Two Japanese scientists were awarded Nobel Prizes earlier this week. Takaaki Kajita shares the Physics Prize with Arthur B. McDonald, while Satoshi Ōmura, William C. Campbell and Youyou Tu share the Medicine Prize.
The Nobel Prize in Physiology or Medicine, one half of which was given to Chinese scientist Youyou Tu for another study, was awarded to Ōmura and Campbell for the discovery of a new therapy against parasitic infections. More specifically, a derivative of their drug Avermectin is used in the treatment of River Blindness and Lymphatic Filariasis and has also shown promising results for other parasitic diseases.
Satoshi Ōmura, a microbiologist, was able to isolate new strains of Streptomyces bacteria, a group known to produce antibacterial agents. William C. Campbell then worked on Ōmura’s cultures and extracted an agent that is very efficient against parasites. The refined version of this component became Avermectin.
The fight against parasitic diseases is a crucial one, as they affect a large part of the world. The discoveries of Ōmura, Campbell and Tu, who discovered a new drug against Malaria, are important steps towards a healthier world.
The discovery that earned Takaaki Kajita and Arthur B. McDonald their Physics Prize is just as groundbreaking. For a long time, physicists were faced with a curious disparity between theory and reality, as only one third of the theoretical number of neutrinos, the second most numerous particles in the universe, were observed in experiments. Through observations made at the Super-Kamiokande detector in Japan and the Sudbury Neutrino Observatory, Kajita and McDonald were able to show that the missing neutrinos had actually switched identity on their way to earth.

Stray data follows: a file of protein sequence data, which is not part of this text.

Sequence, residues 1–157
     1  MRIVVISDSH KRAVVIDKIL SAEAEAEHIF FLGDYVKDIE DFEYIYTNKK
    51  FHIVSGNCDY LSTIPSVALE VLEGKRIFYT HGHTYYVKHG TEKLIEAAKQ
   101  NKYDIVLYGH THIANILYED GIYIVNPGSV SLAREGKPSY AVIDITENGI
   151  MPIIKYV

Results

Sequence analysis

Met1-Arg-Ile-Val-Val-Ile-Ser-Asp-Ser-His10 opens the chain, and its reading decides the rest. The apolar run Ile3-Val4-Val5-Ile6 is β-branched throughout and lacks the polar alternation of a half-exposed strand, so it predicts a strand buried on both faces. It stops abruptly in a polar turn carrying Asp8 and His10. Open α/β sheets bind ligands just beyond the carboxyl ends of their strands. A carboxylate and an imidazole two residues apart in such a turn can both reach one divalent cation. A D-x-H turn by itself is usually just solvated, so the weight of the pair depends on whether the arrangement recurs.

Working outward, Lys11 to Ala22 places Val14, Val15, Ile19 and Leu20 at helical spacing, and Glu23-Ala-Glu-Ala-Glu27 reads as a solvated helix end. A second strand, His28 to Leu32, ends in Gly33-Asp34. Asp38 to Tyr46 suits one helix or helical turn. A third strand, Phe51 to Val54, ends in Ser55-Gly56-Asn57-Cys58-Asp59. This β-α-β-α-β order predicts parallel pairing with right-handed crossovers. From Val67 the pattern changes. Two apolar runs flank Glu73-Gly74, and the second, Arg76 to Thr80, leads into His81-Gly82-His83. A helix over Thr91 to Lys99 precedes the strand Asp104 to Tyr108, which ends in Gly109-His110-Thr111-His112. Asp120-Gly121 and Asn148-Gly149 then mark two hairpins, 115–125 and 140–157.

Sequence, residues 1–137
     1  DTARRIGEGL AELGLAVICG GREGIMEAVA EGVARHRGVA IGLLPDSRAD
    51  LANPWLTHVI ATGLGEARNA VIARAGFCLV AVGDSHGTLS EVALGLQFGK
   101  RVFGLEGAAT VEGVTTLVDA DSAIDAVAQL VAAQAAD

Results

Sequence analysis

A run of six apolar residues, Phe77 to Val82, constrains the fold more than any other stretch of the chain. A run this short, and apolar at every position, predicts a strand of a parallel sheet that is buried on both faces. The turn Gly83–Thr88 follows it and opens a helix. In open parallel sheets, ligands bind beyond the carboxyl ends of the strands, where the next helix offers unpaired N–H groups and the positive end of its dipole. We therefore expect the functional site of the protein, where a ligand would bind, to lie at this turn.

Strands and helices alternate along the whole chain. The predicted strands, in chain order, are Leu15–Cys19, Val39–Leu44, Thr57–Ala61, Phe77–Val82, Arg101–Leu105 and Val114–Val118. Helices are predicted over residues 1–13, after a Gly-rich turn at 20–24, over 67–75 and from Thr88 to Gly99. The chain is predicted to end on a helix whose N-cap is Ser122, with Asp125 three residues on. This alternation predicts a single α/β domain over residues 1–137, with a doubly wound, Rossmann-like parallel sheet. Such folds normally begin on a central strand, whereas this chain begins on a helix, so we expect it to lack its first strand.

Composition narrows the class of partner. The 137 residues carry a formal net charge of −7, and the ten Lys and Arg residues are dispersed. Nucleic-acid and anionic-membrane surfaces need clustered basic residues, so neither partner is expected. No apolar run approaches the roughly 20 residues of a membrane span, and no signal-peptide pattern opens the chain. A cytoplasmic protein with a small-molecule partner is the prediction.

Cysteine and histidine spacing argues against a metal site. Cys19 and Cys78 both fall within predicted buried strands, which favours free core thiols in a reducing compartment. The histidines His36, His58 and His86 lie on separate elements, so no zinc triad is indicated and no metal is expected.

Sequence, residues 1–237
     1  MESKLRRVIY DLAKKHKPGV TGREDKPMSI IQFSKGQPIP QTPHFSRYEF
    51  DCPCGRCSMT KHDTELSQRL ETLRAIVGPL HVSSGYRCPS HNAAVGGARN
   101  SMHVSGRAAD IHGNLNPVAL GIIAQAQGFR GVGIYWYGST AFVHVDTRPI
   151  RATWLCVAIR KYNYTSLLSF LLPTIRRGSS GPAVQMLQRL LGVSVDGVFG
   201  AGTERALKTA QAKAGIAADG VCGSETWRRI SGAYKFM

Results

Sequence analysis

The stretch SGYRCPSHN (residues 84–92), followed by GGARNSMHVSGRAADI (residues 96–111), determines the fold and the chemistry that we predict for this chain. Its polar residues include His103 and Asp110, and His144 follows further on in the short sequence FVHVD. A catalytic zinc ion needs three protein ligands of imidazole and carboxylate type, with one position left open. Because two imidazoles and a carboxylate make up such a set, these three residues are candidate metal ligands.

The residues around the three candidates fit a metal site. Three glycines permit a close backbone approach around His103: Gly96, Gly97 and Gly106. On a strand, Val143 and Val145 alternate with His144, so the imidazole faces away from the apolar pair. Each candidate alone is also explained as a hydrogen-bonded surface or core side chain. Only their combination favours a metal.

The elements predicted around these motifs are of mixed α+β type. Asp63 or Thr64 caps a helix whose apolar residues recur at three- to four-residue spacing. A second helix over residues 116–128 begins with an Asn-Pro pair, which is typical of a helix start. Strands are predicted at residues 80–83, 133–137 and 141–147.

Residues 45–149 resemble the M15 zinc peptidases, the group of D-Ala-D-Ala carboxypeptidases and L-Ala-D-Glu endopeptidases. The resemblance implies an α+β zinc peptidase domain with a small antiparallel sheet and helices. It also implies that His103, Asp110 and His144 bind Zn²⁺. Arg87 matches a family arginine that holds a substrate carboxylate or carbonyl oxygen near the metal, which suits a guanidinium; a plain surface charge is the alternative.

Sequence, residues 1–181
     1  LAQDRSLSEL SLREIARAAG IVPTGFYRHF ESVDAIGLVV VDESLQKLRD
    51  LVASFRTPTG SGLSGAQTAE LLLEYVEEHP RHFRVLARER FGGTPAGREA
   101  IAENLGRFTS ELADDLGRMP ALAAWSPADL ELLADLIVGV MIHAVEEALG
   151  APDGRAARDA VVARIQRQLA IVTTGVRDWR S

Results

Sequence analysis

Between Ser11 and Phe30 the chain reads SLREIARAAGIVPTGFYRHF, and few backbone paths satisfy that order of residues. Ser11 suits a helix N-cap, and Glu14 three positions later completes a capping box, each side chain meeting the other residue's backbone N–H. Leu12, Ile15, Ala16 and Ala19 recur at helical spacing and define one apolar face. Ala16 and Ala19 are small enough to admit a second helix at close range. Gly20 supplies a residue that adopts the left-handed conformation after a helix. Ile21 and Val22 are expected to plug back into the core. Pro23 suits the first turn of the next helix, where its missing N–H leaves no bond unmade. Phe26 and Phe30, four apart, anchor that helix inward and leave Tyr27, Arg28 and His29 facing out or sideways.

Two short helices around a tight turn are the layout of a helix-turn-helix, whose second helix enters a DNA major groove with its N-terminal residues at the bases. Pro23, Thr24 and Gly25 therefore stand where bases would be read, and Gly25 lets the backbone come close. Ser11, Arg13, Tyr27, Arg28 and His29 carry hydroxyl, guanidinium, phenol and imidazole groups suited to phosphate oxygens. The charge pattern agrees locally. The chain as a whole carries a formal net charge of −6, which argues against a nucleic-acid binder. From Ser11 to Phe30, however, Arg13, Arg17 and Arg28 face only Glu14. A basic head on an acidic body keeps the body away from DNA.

This peculiar behavior subsequently led to the conclusion that neutrinos must have a mass, contrary to what was thought. The discovery offered proof that the Standard Model of particle physics, which had been successful in describing the most fundamental components of our world, cannot be the complete theory, as it requires neutrinos to be massless.
The two Nobel Prizes further assert Japan’s importance in the scientific community. Among the laureates of the 21st century, 15 are Japanese. This makes Japan the second most awarded country, after the United States and before the United Kingdom. Given the quality of the country’s research, we strongly believe Ōmura and Kajita won’t be the last Japanese Nobel laureates.